“It’s made us closer with our neighbors,” said Mr. Walsh, 41.
Since then, Potrero Hill has grown to about 1,900 members out of 7,356 households, says Mr. Walsh, although early users were skeptical. “I thought, ‘Is this a fad? Is it going to die?,’ ” recalls Mike Lin, 41, a visual designer at a social-gaming firm who helps oversee the network in Potrero Hill. “But more and more people migrated to Nextdoor.”
One of Nextdoor’s uses nationally has been to rally neighbors around a cause. In Potrero Hill, residents used Nextdoor to help organize opposition in January of last year to a city plan to install parking meters in the neighborhood. The city subsequently put that plan on hold.
Another function is commerce. Some restaurants in Potrero Hill, for example, have joined the network and offer specials one weeknight just for local Nextdoor members, said Timothy Sigle, 50, a Potrero Hill resident who runs a vacation-rental business.
The site is used for giveaways, too. Mr. Walsh on Dec. 23 posted that he was donating his son’s old bicycle, preferably to a needy family. On Christmas Day, a Nextdoor member connected him to a family in nearby public housing, and he gave it to a boy there.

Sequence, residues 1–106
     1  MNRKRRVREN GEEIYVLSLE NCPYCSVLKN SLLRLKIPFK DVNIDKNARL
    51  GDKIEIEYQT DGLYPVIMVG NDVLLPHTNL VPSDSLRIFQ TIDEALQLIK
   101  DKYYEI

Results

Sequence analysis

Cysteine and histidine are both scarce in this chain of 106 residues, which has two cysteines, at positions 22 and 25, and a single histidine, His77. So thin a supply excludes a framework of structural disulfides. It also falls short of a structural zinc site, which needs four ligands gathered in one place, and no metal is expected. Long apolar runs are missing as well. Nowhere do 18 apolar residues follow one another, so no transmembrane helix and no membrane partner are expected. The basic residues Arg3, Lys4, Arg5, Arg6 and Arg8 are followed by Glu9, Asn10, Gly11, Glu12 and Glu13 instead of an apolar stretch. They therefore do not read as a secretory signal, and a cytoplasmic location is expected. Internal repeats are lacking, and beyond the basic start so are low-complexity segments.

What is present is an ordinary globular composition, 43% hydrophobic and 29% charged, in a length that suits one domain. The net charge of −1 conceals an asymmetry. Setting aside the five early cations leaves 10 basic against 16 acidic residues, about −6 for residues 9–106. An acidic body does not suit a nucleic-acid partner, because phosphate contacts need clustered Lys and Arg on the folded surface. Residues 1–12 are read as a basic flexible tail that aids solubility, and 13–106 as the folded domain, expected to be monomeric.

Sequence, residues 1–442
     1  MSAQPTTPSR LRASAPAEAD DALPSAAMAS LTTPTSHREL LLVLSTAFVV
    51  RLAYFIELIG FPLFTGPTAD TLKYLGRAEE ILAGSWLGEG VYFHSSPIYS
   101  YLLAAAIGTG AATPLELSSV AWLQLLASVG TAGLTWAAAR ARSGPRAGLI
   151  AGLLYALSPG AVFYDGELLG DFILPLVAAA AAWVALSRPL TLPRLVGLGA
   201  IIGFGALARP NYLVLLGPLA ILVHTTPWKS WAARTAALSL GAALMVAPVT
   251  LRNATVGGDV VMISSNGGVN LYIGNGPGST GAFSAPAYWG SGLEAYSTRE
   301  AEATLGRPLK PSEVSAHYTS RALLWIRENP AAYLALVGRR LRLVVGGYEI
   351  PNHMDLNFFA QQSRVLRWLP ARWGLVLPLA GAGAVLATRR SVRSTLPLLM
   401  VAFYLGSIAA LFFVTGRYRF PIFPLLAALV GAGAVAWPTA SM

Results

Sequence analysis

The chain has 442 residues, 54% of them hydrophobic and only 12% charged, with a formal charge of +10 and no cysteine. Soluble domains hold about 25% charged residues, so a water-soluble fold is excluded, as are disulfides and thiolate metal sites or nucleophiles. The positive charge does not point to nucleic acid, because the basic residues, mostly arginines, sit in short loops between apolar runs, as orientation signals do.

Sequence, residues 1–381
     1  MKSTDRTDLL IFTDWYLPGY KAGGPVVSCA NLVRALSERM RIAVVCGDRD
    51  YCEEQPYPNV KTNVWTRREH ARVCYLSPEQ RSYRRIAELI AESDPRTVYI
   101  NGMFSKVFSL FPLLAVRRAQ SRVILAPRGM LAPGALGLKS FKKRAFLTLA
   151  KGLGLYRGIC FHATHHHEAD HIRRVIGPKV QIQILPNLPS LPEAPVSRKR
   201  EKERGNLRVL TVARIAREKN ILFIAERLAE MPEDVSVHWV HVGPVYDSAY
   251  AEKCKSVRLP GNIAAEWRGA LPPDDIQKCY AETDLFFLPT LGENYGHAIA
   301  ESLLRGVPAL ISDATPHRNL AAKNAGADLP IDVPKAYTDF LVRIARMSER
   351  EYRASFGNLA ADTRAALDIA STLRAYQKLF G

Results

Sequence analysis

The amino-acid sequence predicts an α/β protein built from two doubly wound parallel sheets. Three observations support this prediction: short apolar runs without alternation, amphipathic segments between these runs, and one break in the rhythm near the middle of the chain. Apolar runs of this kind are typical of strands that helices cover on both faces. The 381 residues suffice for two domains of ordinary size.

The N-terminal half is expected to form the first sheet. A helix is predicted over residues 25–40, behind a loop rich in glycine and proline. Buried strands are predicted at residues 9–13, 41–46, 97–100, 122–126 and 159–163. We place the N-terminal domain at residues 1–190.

Nextdoor has also emerged as a neighborhood-warning system for criminal activity. In early January, a Nextdoor member in Potrero Hill alerted residents to a police search for a criminal suspect in the neighborhood. Another alert went out recently that bicycles were being stolen from backyards.
Less-pressing emergencies also get attention. On Jan. 24, LeeAndrea Morton, 23, posted on Nextdoor that the key to her car was stuck in its ignition and that she was willing to pay $20 a night to rent someone’s garage for two nights before she could take it into a repair shop.
Mr. Walsh came to her rescue, offering his garage for no charge. “Buy me a beer one day,” he said. “Ah,” Ms Morton responded, “the world is indeed a good place (or at least in Potrero Hill it is!)”